References and application examples

Ultrasonic biplanar arrays

© Fraunhofer IKTS
Biplanar array for ultrasound testing.

In ultrasonics, different sensor types based on single-element or array technology are used. Specifically for array technologies, hardware solutions with numerous synchronized channels are required; these solutions become increasingly expensive as the number of channels increases. Linear arrays are usually used in practice, but they are not sufficient in some cases. In such cases, matrix arrays represent an alternative, which, however, is very difficult to implement: an 8x8 matrix array alone requires 64-channel electronics.

Development of so-called biplanar arrays at Fraunhofer IKTS aims at reproducing the performance of a matrix array using two combined linear arrays aligned orthogonally to each other. Through appropriate switching of the connected electronics, various points in the two-dimensional space under the array can be activated to reproduce the imaging characteristics of a matrix array. The decisive advantage of this design is that it enables an 8x8 array to be reproduced with just 16 channels.

Ultrasonic systems for rail vehicles

© arxes engineering GmbH
Fully automated phased-array ultrasonic test device for non-destructive testing of solid shaft gear sets in disassembled condition.

Highly loaded train and railroad car components such as axles and wheels need to be inspected regularly. Together with partners from industry, Fraunhofer IKTS is developing the software and electronics for ultrasonic testing systems. The software design enables intuitive operation by inspection personnel as well as mistake-proof inspection. Engineering standards are fully met. The powerful PCUS® pro electronics guarantee rapid testing and flexible parameterization due to the high data rates and the parallel FPGA design.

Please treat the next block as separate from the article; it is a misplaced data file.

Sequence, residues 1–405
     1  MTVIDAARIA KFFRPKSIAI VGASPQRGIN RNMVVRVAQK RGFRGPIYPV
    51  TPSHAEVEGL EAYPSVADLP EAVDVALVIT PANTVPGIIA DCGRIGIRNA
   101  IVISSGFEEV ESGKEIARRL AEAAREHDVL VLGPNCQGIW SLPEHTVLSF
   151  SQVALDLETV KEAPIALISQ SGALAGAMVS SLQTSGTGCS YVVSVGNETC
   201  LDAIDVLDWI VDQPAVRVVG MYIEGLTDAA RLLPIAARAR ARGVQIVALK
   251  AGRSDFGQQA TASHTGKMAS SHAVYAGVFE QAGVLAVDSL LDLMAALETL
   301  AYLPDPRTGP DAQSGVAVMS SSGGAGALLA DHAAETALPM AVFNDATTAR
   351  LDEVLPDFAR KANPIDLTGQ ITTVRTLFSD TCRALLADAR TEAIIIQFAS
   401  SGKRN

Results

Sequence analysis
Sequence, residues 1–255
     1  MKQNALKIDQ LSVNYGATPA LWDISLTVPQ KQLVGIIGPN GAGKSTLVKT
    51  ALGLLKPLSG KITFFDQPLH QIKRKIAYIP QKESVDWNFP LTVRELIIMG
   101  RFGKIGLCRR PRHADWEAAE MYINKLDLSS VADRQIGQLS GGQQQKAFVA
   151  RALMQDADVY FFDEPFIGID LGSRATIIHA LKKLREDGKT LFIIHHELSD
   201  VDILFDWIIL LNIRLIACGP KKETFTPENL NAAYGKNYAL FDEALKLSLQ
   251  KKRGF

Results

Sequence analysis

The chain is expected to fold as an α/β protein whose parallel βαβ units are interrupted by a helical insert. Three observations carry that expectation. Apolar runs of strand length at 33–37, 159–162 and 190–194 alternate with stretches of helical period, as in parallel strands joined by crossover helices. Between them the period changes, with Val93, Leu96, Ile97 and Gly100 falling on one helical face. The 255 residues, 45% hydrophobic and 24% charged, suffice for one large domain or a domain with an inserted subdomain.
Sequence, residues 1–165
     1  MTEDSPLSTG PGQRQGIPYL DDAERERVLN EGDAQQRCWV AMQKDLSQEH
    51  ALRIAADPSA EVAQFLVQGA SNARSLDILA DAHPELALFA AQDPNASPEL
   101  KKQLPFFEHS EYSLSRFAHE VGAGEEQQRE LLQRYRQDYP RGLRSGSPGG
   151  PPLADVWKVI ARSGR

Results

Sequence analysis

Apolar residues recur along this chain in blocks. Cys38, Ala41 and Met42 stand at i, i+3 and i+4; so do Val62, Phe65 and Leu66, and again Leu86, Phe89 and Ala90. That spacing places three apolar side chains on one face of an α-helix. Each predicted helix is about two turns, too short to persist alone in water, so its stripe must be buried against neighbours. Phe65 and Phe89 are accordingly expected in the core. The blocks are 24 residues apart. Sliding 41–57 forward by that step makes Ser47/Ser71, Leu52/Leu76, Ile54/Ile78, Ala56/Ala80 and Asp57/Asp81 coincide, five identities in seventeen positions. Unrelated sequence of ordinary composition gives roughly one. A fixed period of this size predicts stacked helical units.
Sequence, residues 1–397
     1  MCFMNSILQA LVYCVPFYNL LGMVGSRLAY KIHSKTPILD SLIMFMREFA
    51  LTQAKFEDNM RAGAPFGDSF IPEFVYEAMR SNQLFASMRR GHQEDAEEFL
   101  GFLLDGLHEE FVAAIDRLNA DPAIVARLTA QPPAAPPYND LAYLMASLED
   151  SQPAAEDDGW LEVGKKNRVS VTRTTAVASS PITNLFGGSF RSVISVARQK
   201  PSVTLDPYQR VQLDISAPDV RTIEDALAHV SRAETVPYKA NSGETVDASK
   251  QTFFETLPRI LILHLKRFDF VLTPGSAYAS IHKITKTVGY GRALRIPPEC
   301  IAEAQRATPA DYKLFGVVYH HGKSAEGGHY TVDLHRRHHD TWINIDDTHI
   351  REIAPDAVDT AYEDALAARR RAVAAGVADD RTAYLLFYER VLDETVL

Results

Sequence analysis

This work has led, for example, to the development of a hollow-shaft testing system for high-speed trains. With seven different single-element probes, the component can be inspected quickly and safely. In addition, a solid-shaft testing system for freight trains was developed using an ultrasonic phased array as a basis. The two systems have been used successfully both by Deutsche Bahn and outside Germany for a few years now.

EddyCus® Robot

© Fraunhofer IKTS
EddyCus Robots® for inspection of freeform-based components using high-frequency eddy current technology.

Carbon fiber composites are shaped into complex geometries early on in the production process. For this reason, the EddyCus® Robot for testing of carbon fiber preforms was developed on the basis of the high-frequency eddy current technology with 2D or 2.5D scanning systems for flat test specimens. The path plan for the robot-based testing system can be generated according to the CAD data.

However, in case the data are not available or are subject to strong fluctuations due to the manufacturing process, the EddyCus® Robot provides an alternative system. Here, an unknown part is digitized with a structured-light scanning camera through parametric path planning on the reconstructed surface. The sensor is then guided over the part surface orthogonally to the surface. At the end of the process, the sensor measurement results and the path data are combined to form a C scan. The EddyCus® Robot is currently being used, for example, at Bayerische Motoren Werke AG for the detection of fiber, layer, and other internal defects.


X-ray laminography system

© Fraunhofer IKTS
X-ray laminography image of a ball grid array with crack.

Inclusions in soldering points or small cracks can occur in the production of electronic devices. With conventional x-ray computed tomography, three-dimensional datasets representing the internal structure of a part can be generated. The resolution of the individual voxels strongly depends on the overall size of the test object. Hence, for large flat structures such as PCBs, only a limited resolution can be obtained.

To increase the resolution, Fraunhofer IKTS developed the so-called x-ray laminography method. Through a very specific arrangement of x-ray tube, detector, and object, a high-resolution 3D dataset can be generated especially for small subareas of flat component assemblies. In this way, cracks in bond pads for mounting electronic components on substrates can be quickly visualized in a non-destructive manner without the need for preparation.

The method is typically used in electronics fabrication, but use in quality assurance of embedded systems in CFRP structures is gaining momentum.